On most days, it doesn’t bother me much because of my high internet speed. That’s a very privileged way of thinking, so it was time to fix things. I don’t run any analytics here, so I’m not sure how many people visit this site on a slow connection. Really, it doesn’t matter. Any one of us can have a slow connection at a moments notice.

The Solution

I’d done some searching, but I couldn’t seem to find an article on how to improve the load time of these fonts. Cloud.typography doesn’t load fonts via JavaScript, so it’s not as easy as adding the async attribute. Also, they don’t seem to let you truly self-host unless you have a crazy amount of pageviews.

After some digging, I found loadCSS, a polyfill from Filament Group to asynchronously load CSS. Perfect! That’s exactly what I needed to do.

How to Implement

We’ll do the following:

  1. Include loadCSS in our project.
  2. Include the Cloud.typography stylesheet in the recommended way
  3. Build in a fallback for users that don’t use JavaScript

Adding the Polyfill to Our Project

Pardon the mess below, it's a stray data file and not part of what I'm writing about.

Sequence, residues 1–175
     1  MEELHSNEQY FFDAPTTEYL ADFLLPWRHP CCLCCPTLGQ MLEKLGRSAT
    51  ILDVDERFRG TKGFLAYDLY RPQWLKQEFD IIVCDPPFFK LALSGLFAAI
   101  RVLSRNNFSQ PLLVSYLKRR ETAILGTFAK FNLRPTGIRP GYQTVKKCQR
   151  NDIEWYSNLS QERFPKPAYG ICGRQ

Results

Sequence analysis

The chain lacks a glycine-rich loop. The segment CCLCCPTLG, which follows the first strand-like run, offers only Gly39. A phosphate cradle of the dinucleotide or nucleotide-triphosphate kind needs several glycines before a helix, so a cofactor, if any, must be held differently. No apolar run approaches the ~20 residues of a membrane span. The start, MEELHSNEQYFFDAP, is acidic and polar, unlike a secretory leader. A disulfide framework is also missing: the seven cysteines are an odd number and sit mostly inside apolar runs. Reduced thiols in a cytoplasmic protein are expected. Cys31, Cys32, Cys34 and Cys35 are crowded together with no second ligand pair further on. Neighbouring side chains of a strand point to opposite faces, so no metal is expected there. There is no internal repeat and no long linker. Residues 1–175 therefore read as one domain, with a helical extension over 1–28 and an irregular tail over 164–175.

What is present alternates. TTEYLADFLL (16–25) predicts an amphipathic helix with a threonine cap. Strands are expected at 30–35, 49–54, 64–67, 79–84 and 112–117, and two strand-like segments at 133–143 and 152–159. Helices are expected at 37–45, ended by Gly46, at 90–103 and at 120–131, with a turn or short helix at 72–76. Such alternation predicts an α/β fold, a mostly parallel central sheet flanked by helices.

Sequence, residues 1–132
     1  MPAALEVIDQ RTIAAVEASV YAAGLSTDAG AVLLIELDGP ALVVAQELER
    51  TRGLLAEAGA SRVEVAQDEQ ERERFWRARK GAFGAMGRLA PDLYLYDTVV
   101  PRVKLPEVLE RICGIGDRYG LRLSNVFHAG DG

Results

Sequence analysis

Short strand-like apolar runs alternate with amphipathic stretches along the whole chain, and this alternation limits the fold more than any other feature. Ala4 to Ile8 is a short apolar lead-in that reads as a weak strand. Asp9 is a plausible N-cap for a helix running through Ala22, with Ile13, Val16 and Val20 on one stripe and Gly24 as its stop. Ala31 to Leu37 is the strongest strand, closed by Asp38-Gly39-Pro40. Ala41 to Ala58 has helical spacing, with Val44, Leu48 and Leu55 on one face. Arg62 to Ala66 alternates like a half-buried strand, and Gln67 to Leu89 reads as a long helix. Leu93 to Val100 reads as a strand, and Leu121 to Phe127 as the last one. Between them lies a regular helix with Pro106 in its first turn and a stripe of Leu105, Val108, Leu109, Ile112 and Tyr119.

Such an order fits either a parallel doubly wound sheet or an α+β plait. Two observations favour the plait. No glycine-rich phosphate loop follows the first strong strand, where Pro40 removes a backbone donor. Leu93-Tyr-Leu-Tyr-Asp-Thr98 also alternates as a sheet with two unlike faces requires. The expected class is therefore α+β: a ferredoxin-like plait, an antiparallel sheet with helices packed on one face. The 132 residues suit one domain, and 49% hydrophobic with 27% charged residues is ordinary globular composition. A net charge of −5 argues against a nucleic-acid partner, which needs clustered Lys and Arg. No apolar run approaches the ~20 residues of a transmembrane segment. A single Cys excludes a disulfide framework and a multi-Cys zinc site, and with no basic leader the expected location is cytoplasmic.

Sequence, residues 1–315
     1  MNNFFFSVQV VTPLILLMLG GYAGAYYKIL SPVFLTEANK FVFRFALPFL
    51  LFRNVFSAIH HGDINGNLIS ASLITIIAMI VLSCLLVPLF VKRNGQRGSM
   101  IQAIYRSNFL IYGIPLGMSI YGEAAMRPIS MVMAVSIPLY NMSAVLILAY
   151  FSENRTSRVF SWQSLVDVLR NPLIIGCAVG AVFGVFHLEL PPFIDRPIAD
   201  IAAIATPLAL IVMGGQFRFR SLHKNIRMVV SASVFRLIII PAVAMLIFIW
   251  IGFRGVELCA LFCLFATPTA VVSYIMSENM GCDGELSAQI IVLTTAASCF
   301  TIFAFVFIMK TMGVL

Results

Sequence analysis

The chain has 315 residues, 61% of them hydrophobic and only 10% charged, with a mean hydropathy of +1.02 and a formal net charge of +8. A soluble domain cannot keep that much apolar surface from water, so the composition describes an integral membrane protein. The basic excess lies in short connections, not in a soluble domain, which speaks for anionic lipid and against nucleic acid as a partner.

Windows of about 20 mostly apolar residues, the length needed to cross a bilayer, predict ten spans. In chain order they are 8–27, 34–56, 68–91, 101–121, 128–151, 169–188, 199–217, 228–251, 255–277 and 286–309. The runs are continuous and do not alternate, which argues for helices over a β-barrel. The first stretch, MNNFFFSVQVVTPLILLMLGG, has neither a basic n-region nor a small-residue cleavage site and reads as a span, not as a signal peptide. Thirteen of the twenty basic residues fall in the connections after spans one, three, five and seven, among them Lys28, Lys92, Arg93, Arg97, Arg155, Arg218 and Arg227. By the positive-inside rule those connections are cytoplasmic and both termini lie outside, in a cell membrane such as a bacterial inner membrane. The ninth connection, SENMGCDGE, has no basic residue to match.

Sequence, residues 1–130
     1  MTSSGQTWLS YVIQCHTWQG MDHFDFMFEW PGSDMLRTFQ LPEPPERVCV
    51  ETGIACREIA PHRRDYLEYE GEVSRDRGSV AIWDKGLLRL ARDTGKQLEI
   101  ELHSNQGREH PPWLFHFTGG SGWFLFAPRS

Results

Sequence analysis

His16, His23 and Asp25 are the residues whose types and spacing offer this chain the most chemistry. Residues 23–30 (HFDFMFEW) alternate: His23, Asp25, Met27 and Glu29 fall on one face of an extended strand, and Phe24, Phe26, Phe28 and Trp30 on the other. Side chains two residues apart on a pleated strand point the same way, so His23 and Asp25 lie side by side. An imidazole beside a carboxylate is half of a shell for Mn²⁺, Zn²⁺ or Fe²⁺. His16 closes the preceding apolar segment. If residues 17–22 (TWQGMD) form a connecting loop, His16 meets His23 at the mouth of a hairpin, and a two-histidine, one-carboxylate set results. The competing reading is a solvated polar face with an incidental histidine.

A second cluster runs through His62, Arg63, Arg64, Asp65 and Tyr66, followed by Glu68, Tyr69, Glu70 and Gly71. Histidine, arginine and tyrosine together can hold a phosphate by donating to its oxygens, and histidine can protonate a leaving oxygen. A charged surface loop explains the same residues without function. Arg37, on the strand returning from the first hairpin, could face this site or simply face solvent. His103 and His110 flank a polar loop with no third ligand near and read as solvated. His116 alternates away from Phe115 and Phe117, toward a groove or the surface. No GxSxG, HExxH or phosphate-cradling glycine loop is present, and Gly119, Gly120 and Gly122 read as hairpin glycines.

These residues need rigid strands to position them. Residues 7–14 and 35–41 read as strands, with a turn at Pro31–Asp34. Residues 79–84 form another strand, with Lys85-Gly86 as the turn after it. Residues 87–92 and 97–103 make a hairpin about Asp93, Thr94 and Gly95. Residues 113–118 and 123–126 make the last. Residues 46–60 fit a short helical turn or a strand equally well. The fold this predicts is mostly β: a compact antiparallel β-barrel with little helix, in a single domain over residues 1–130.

First, you need loadCSS. There a few different ways of including it, but I personally added it to the asset pipeline.

//= require ./vendor/loadCSS.min
//= require ./vendor/cssrelpreload.min

Include the Cloud.typography Stylesheet

Next we’ll use the markup that the loadCSS README suggests. Unfortunately, we need this polyfill because rel="preload" doesn’t have the greatest browser support yet.

<link as="style" href="[…]/[…]/css/fonts.css" onload="this.rel='stylesheet'" rel="preload" />

Now for a Fallback

Some may not have JavaScript enabled in their browser, so we’ll add a fallback just in case.

  <link href="[…]/[…]/css/fonts.css" media="screen" rel="stylesheet" type="text/css" />

Show Me Some Stats!